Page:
Until very recently, technology firms have enjoyed a life relatively free of regulation and compliance worries. That’s about to change thanks to a growing demand for transparency, data security and privacy, and the fact that technology firms are partnering with other firms in highly regulated industries, such as financial services and health care. Regulation is coming. Get ready. This is your wake up call.
Protiviti has published a four-part series on key considerations for technology industry board members and executives interested in what the responsible technology firm of the future might look like. Our series focuses on the rapidly changing landscape that is altering the conversation at the highest levels of technology companies and offers insights to help companies be prepared for the future.
We began this conversation with an overview of the changing environment in a previous post. Here, we focus on the rising tide of regulation, made evident by the adoption of the European Union’s General Data Protection Regulation (GDPR), and recent similar laws passed in the U.S. — specifically California, New York and Pennsylvania. A congressional hearing in September suggests that new federal regulations may be in the works.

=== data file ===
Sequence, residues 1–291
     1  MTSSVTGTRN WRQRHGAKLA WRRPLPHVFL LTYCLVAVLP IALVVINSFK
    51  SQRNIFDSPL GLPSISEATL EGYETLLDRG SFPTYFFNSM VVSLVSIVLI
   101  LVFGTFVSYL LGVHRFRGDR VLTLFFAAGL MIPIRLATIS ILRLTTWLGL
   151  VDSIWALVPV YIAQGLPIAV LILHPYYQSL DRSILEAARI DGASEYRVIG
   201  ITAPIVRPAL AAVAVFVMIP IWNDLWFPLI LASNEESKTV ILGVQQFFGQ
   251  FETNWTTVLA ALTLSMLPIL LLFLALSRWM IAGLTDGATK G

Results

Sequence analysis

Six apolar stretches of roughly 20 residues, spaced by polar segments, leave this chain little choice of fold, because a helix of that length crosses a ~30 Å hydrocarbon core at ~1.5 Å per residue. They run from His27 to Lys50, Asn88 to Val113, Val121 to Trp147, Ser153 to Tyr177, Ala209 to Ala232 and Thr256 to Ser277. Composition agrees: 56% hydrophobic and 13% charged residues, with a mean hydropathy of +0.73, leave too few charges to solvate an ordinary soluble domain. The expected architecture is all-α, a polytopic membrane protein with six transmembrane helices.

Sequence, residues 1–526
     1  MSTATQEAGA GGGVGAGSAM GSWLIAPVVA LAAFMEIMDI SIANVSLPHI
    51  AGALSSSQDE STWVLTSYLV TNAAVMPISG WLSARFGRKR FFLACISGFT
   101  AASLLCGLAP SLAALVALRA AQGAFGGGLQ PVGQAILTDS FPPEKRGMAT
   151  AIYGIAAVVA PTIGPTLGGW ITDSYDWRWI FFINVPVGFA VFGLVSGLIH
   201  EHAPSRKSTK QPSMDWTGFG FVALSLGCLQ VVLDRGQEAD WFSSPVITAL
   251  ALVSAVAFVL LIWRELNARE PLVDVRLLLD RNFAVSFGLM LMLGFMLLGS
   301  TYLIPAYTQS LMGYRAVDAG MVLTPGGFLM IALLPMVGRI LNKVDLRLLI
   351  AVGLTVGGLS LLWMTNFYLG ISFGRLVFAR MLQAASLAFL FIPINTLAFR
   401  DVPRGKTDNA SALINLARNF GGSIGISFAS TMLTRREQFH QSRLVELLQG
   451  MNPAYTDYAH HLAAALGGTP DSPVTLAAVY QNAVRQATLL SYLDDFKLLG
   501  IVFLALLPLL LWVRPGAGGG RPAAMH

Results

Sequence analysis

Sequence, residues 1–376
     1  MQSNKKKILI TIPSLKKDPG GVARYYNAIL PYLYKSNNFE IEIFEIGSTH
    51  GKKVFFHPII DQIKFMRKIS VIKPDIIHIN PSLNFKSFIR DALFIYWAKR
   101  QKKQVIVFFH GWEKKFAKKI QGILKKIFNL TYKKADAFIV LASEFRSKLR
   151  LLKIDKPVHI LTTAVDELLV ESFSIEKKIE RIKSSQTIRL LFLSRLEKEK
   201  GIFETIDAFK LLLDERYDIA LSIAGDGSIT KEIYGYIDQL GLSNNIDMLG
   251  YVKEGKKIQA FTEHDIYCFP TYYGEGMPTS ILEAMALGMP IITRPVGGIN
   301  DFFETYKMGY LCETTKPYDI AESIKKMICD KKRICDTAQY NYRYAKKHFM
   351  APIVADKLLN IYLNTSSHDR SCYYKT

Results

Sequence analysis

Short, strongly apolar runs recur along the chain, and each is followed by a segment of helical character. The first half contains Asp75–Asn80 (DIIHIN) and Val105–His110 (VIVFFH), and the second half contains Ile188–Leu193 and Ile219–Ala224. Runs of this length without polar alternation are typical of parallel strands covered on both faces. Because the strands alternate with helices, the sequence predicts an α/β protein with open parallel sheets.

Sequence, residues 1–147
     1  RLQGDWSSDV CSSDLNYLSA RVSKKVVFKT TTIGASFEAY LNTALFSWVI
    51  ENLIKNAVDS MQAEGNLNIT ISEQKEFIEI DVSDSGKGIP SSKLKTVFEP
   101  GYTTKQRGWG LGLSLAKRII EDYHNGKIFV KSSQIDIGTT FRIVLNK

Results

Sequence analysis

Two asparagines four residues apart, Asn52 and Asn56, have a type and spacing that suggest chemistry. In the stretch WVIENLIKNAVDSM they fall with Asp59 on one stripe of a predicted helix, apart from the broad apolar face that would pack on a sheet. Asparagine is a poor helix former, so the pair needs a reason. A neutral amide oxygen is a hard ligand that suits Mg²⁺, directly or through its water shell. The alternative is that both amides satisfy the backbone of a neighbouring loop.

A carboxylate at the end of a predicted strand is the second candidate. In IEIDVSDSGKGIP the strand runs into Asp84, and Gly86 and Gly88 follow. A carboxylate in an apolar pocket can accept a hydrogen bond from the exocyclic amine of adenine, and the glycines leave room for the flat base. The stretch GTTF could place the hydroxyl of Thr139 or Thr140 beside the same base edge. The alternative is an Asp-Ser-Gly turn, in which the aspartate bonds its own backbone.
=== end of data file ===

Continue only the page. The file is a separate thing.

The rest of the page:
This wave of heightened scrutiny comes at a time when public confidence in the ability of tech companies to protect their sensitive data is at an ebb. A new report from Harvard’s Shorenstein Center on Media, Politics and Public Policy and New America, a Washington think tank, published just two days before tech executives were scheduled to appear before the Senate Commerce Committee, declared, “The companies that control this market are among the most powerful and valuable the world has ever seen. We cannot expect them to regulate themselves. As a democratic society, we must intervene to steer the power and promise of technology to benefit the many rather than the few.”
The Wall Street Journal, in an article covering the report, declared, “Silicon Valley tech giants can’t be trusted to police themselves and should be subject to tougher regulation.”
That’s not to say that technology firms should not have a say in how they are regulated. But before they do so, they must get their houses in order. That means building and managing a strong corporate governance function, and shaping the right organizational culture governed by a strong, consistent and appropriate tone at the top. How organizations can do that is the subject of Part 2 of our Responsible Tech Firm series, available as a free download from our website. We recommend a read, and we are interested in your thoughts, both here and on our website.